For more than two centuries since the Louvre went public, the museum has hardly changed. I am shockingly aware that such a statement may sound like a provocation, as many respected professionals from the museum world and academia alike—Kenneth Hudson and Eilean Hooper-Greenhill among them—think just the opposite: that “museums refuse to stand still” and that “change has been unprecedented and extreme.”
Imagine now the first peasants, pimps and prostitutes who visited on August 10, 1793, the day the Louvre first opened to the public, being catered around like ignorant cattle but fulfilling their inalienable revolutionary rights to the “ouvrages maintenant appartenants à la nation française”, while they stared in awe at voluptuous gods, satraps and nymphs.
Fast-forward to today, we see visitors in the same Louvre running about freely and loudly while they try to crowd together in front of the Mona Lisa or MoMA’s The Starry Night by Van Gogh to take a selfie in the same superficial aesthetic mood as in the past.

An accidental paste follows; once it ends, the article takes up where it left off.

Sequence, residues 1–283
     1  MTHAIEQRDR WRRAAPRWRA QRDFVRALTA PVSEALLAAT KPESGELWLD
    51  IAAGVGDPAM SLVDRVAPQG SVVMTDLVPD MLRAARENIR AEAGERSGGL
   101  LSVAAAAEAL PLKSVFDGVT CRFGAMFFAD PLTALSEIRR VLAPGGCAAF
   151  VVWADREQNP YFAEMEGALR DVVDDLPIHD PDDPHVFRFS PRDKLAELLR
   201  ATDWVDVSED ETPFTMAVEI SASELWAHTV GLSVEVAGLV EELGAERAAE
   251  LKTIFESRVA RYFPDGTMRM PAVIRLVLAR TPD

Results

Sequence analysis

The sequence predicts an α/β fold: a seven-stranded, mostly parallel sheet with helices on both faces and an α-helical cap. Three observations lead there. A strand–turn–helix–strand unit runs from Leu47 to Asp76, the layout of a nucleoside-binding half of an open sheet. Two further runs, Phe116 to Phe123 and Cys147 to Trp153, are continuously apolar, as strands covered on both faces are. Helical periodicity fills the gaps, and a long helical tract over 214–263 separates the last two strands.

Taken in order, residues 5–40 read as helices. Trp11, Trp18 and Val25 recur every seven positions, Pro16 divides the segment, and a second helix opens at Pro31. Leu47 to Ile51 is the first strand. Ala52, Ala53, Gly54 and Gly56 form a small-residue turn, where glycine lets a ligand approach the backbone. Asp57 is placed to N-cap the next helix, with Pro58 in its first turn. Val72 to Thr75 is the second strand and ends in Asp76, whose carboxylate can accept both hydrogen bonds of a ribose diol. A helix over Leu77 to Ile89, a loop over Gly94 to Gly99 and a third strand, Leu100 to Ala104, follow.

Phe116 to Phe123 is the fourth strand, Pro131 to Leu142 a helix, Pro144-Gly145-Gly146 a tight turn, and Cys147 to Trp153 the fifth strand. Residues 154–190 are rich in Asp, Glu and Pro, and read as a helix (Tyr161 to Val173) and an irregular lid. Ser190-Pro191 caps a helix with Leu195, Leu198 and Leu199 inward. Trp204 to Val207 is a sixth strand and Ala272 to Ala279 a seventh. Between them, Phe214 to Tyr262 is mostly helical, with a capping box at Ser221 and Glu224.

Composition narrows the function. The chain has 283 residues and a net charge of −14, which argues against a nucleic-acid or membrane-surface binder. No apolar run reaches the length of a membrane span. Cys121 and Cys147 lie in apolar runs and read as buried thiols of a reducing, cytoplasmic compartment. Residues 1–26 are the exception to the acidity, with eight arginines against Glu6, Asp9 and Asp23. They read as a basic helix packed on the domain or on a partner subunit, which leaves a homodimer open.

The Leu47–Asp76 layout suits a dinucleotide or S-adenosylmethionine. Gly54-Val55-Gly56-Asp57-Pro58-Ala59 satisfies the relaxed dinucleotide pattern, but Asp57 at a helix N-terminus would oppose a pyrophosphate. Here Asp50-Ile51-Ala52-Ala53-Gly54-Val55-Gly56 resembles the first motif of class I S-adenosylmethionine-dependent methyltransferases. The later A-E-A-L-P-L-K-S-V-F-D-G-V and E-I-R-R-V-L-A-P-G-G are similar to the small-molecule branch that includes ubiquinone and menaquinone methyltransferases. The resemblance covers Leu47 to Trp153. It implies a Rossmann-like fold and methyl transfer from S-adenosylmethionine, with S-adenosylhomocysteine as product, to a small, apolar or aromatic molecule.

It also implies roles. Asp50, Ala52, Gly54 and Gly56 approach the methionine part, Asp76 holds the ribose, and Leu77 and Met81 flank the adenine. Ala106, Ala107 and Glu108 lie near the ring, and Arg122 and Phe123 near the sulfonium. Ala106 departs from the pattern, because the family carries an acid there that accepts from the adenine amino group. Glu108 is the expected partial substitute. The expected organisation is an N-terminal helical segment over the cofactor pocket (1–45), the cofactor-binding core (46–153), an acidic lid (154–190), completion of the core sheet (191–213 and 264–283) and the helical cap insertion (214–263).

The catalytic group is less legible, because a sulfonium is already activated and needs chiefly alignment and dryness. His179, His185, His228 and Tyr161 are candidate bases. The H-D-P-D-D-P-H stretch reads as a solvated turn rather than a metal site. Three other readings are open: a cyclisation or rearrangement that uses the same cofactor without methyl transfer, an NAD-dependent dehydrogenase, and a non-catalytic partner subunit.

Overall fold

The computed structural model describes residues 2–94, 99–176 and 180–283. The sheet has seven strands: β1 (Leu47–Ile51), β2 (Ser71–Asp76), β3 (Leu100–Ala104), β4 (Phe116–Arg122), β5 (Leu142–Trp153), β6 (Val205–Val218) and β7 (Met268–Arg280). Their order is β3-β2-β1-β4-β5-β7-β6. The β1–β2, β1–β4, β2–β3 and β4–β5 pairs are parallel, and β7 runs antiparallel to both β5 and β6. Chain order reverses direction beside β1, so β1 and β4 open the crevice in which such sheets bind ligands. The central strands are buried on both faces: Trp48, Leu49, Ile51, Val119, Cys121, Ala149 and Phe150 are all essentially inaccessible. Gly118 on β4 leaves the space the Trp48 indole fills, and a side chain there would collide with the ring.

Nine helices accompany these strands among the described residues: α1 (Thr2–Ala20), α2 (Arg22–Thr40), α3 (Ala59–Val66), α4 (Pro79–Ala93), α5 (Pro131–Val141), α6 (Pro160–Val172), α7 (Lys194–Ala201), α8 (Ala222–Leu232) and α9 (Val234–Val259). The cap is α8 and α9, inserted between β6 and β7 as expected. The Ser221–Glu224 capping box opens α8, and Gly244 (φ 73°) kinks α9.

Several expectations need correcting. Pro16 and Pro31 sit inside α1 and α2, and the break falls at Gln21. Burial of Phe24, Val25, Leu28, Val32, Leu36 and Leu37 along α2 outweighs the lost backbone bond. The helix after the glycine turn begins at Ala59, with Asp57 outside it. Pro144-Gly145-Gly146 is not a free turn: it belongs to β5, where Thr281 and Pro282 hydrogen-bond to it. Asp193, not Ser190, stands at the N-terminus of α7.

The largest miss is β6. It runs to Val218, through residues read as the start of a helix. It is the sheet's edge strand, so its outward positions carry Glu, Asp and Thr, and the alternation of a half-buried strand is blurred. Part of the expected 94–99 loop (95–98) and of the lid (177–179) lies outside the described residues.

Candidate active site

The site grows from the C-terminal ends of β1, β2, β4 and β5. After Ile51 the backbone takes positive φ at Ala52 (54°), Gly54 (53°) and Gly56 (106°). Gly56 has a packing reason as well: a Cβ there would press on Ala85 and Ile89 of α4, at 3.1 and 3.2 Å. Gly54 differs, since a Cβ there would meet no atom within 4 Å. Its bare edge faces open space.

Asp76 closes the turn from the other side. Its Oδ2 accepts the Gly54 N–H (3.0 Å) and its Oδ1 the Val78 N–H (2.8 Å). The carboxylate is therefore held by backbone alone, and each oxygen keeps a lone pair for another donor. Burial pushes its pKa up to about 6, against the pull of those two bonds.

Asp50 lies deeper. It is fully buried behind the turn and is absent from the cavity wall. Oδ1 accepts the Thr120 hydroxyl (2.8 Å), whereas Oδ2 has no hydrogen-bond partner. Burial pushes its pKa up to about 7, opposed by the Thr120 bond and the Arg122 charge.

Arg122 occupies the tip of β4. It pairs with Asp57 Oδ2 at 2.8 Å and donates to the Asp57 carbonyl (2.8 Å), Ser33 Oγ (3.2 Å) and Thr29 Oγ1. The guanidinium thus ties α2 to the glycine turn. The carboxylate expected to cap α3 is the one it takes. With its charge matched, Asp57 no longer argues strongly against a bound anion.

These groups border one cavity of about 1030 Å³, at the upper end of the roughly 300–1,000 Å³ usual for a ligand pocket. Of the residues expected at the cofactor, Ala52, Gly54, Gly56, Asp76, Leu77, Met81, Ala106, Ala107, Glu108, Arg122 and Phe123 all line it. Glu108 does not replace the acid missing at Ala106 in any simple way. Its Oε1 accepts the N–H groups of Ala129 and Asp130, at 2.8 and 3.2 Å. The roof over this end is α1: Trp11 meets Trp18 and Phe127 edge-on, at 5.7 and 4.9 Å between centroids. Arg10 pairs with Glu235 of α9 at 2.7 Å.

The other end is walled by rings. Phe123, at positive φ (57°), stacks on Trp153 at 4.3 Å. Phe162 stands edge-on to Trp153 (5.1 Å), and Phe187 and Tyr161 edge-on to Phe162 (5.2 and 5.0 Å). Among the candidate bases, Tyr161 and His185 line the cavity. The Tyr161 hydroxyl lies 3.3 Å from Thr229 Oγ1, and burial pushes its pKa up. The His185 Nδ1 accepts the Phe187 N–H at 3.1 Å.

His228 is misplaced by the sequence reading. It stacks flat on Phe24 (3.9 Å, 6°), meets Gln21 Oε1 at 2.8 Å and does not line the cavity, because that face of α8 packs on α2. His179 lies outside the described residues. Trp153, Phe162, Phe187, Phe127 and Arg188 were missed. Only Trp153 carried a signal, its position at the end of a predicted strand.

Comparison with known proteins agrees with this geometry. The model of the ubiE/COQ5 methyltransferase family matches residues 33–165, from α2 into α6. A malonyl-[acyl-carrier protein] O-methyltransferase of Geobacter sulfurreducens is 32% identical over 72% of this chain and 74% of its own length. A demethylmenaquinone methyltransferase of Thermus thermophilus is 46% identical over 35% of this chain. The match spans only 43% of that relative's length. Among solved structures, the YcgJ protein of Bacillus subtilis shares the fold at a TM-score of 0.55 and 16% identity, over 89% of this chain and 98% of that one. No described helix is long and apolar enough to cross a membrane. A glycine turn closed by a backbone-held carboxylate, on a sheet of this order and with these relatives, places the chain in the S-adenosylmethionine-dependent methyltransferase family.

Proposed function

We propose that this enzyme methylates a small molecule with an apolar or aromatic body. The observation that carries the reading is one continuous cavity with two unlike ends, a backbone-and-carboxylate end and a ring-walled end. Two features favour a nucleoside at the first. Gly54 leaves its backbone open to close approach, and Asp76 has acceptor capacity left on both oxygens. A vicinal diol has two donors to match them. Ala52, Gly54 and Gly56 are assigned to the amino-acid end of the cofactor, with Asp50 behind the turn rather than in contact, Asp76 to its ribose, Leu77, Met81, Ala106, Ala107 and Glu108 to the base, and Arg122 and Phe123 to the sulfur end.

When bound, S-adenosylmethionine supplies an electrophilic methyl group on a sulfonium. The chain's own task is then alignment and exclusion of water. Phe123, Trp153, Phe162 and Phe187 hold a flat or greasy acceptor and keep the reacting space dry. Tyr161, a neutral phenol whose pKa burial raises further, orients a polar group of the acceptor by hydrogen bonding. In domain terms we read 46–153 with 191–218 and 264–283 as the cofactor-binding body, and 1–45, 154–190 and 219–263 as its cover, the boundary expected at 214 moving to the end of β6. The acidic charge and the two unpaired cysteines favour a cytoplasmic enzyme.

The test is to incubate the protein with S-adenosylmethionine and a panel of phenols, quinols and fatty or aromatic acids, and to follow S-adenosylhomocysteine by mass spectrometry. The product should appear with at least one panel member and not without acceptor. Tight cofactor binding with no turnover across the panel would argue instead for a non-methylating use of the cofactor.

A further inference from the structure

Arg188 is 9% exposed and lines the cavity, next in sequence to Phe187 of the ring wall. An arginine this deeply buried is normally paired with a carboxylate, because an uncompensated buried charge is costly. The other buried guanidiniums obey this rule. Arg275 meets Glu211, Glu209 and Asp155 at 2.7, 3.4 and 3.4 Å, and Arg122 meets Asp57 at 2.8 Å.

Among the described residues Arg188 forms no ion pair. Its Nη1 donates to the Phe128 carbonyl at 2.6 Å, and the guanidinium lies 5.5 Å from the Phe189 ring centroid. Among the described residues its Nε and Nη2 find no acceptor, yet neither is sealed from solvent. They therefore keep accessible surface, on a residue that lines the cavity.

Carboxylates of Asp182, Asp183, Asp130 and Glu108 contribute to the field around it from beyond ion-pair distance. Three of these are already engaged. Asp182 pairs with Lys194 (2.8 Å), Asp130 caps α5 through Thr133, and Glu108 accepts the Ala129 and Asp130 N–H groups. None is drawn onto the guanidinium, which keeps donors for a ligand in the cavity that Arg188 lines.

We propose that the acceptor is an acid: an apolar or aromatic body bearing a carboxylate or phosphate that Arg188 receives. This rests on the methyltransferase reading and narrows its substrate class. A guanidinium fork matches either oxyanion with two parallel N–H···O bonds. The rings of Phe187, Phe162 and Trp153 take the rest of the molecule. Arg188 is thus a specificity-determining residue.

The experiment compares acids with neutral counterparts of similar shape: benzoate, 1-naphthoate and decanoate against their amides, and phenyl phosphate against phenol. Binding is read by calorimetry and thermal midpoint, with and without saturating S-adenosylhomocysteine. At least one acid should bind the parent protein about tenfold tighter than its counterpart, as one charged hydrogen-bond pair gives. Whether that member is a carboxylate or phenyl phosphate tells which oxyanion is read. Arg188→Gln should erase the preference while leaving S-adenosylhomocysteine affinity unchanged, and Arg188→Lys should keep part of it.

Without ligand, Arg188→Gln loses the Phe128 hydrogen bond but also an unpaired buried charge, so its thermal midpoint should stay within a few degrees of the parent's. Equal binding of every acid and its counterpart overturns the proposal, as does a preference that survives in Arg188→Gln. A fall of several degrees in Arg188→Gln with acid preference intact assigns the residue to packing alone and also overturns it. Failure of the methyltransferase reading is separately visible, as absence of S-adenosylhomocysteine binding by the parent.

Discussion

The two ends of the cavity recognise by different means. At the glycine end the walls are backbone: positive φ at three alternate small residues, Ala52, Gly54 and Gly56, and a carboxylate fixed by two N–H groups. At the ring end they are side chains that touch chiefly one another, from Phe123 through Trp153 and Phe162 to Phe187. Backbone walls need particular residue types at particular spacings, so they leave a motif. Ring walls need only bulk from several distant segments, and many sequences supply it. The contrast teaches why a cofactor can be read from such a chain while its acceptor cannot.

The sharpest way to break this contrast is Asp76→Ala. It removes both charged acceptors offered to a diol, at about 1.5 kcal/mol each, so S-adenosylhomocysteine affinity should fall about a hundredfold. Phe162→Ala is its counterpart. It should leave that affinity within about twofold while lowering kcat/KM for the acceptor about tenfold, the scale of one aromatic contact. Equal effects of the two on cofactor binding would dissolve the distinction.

Whilst awe has certainly given away to irreverence, the citizen-spectator continues to be no more than a passerby looking at the “top of the pops” and fatally assuming a passive condition in the face of what the ‘nanny museum’ has decided is convenient for you to see (or what Jacques-Louis David incisively labeled as a “vain assemblage of frivolous luxury objects that serve only to satisfy idle curiosity”).
Unlike Germany around 1900, where the art world argued about whether or not to collect contemporary art, and the equally fascinating debates in the Soviet Union in the 1930s, which focused on downplaying bourgeois ideology and the deification of the artwork, the American-Eurocentric art world has never had such heated discussions in its search for a different museum model.